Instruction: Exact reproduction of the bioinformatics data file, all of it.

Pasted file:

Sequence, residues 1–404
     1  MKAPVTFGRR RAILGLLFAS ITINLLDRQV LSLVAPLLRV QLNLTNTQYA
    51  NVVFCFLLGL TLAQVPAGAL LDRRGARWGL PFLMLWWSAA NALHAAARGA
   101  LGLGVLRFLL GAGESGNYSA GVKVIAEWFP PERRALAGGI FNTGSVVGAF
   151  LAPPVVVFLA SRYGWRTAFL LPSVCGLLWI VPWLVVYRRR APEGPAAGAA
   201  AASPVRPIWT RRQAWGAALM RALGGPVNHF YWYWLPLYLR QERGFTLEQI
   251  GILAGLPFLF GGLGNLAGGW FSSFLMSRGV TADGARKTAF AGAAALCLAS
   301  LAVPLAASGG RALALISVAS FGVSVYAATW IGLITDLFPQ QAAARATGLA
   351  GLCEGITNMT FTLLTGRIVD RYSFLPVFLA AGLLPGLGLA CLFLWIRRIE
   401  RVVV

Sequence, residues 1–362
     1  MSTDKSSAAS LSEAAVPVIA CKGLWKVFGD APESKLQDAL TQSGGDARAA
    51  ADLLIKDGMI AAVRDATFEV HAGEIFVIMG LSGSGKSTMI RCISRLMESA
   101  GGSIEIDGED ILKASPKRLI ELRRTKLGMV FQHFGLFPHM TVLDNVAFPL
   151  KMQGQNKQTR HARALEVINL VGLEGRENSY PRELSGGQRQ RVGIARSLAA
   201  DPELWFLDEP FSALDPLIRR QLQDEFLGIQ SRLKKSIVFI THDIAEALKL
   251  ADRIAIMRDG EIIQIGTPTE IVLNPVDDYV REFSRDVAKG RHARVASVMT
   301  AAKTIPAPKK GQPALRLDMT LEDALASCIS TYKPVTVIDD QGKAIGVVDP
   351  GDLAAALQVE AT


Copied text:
Sequence, residues 1–404
     1  MKAPVTFGRR RAILGLLFAS ITINLLDRQV LSLVAPLLRV QLNLTNTQYA
    51  NVVFCFLLGL TLAQVPAGAL LDRRGARWGL PFLMLWWSAA NALHAAARGA
   101  LGLGVLRFLL GAGESGNYSA GVKVIAEWFP PERRALAGGI FNTGSVVGAF
   151  LAPPVVVFLA SRYGWRTAFL LPSVCGLLWI VPWLVVYRRR APEGPAAGAA
   201  AASPVRPIWT RRQAWGAALM RALGGPVNHF YWYWLPLYLR QERGFTLEQI
   251  GILAGLPFLF GGLGNLAGGW FSSFLMSRGV TADGARKTAF AGAAALCLAS
   301  LAVPLAASGG RALALISVAS FGVSVYAATW IGLITDLFPQ QAAARATGLA
   351  GLCEGITNMT FTLLTGRIVD RYSFLPVFLA AGLLPGLGLA CLFLWIRRIE
   401  RVVV

Sequence, residues 1–362
     1  MSTDKSSAAS LSEAAVPVIA CKGLWKVFGD APESKLQDAL TQSGGDARAA
    51  ADLLIKDGMI AAVRDATFEV HAGEIFVIMG LSGSGKSTMI RCISRLMESA
   101  GGSIEIDGED ILKASPKRLI ELRRTKLGMV FQHFGLFPHM TVLDNVAFPL
   151  KMQGQNKQTR HARALEVINL VGLEGRENSY PRELSGGQRQ RVGIARSLAA
   201  DPELWFLDEP FSALDPLIRR QLQDEFLGIQ SRLKKSIVFI THDIAEALKL
   251  ADRIAIMRDG EIIQIGTPTE IVLNPVDDYV REFSRDVAKG RHARVASVMT
   301  AAKTIPAPKK GQPALRLDMT LEDALASCIS TYKPVTVIDD QGKAIGVVDP
   351  GDLAAALQVE AT